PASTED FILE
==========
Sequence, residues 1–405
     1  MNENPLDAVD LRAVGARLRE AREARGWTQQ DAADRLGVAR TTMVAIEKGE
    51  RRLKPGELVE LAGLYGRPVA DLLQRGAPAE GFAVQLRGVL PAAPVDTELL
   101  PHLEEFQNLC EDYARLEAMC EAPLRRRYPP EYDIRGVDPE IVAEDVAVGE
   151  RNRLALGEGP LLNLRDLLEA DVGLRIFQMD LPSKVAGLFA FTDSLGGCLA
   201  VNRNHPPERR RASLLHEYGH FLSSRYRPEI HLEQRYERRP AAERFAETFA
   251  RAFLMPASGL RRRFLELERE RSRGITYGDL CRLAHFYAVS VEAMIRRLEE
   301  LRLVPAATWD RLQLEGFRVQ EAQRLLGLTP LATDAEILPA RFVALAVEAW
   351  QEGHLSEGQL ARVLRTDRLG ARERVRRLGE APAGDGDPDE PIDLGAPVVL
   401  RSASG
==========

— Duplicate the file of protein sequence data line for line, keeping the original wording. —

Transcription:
Sequence, residues 1–405
     1  MNENPLDAVD LRAVGARLRE AREARGWTQQ DAADRLGVAR TTMVAIEKGE
    51  RRLKPGELVE LAGLYGRPVA DLLQRGAPAE GFAVQLRGVL PAAPVDTELL
   101  PHLEEFQNLC EDYARLEAMC EAPLRRRYPP EYDIRGVDPE IVAEDVAVGE
   151  RNRLALGEGP LLNLRDLLEA DVGLRIFQMD LPSKVAGLFA FTDSLGGCLA
   201  VNRNHPPERR RASLLHEYGH FLSSRYRPEI HLEQRYERRP AAERFAETFA
   251  RAFLMPASGL RRRFLELERE RSRGITYGDL CRLAHFYAVS VEAMIRRLEE
   301  LRLVPAATWD RLQLEGFRVQ EAQRLLGLTP LATDAEILPA RFVALAVEAW
   351  QEGHLSEGQL ARVLRTDRLG ARERVRRLGE APAGDGDPDE PIDLGAPVVL
   401  RSASG